guild

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GUILD. A fraternity or company. Guild hall, the place of meeting of guilds. Beame's, Glanville, 108 (n).

References in periodicals archive ?
He told me I was nominated for the Craft Guilds under the People's Choice category.
Ogilvie would have to blame the whole of premodern political structures in this case--not only the merchant guilds but the craft guilds, not only economic monopolists but monopolists of every kind.
18) Because, as Richard Homan has argued, "the play of Corpus Christi in York was a part of the economic and political world of the craft guilds and city government in a way the other plays never were," (19) scholars have sought to establish first and foremost the historical, economic, and sociopolitical conditions under which the York plays were performed.
A closer look at the periphery of the faction of Willem Moreel demonstrates that its social capital crossed the boundaries of the nucleus, In 1477 political allies who initially were not linked to the social networks of the faction had entered into a political coalition with its nucleus out of political interests and ideological motives, most of them originating from the urban craft guilds.
For some 500 years, craft guilds played a significant role in shaping the societies of which they were a part.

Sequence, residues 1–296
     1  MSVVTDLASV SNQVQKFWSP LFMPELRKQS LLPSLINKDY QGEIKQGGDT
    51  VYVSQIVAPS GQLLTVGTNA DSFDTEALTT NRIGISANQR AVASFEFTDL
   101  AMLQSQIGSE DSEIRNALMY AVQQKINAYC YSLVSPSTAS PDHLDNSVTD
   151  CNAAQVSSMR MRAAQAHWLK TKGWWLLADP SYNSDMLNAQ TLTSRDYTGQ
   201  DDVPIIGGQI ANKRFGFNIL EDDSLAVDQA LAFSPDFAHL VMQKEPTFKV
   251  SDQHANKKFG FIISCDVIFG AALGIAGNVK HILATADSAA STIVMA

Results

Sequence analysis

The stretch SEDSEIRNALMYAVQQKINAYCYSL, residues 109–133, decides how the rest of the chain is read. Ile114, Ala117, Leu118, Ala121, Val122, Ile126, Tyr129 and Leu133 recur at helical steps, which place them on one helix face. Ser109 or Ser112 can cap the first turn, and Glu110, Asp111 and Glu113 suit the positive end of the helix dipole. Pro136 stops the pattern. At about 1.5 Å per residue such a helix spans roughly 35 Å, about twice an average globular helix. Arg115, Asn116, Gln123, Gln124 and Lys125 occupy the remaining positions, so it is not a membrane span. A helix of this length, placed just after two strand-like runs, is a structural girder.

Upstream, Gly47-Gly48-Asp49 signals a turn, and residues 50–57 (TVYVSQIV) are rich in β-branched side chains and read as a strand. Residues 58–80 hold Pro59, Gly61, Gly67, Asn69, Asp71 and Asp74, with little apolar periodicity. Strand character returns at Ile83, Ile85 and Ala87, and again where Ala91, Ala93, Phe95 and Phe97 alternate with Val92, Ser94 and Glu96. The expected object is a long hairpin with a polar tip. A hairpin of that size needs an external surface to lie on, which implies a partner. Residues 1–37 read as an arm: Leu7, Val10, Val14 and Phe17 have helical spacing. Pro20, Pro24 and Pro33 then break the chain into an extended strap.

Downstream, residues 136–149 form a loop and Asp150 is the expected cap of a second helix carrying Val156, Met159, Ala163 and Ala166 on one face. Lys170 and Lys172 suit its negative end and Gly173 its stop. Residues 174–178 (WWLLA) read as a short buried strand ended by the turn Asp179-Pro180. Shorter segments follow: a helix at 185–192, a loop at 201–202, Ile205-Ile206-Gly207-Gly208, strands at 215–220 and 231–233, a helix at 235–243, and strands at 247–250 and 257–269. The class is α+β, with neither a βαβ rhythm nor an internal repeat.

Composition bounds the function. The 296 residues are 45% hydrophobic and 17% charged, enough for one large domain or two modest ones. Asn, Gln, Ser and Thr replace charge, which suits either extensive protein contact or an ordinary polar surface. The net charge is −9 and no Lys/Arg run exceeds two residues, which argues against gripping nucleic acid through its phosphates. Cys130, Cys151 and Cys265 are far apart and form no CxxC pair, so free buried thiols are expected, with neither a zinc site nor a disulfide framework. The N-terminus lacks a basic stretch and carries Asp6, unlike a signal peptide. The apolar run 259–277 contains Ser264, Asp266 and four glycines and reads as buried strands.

Fra Angelico had clear artistic opportunities in both the craft guilds of his town and the Dominican Order in which he was likely educated.
The American Academy of Motion Picture Arts and Sciences has brought the date of the Oscar ceremony forward from the end of March to February 29 because it was fed up with its members copying the results of the Golden Globes, the Screen Actors Guild Awards and the British Academy Awards, not to mention the various craft guilds and local critics' groups, all of whom have their own accolades.
Members of critics organizations, movie craft guilds and outfits such as the Golden Globes-distributing Hollywood Foreign Press Association have already begun to receive some screeners.
These screenings will not be open to the general public, but will be restricted to card-holding members of the Academy of Motion Pictures Arts and Sciences, as well as the various craft guilds, plus one guest.
John McGavin's study of secular music in the Scots burgh of Haddington likewise shows how archival references to music and musicians can reveal aspects of urban life that often go unnoticed, from the rivalries among various narrowly defined craft guilds, to the role of music as a means of subversion.
It is clear that there was a pageant wagon procession, exhibited by the craft guilds, along an identifiable route through the streets on the feast of Corpus Christi.
Natacha Coquery discusses the hiring practices of artisans by aristocratic households in 18th-century Paris; Elizabeth Musgrave shows that the number of women in craft guilds grew in 18th-century Nantes, albeit in lower-status sectors such as textiles and food production; Josette Pontet argues that commercial expansion in late 18th-century Bordeaux was desirable to many artisans because the new industries often offered better working conditions, better wages, and more benefits.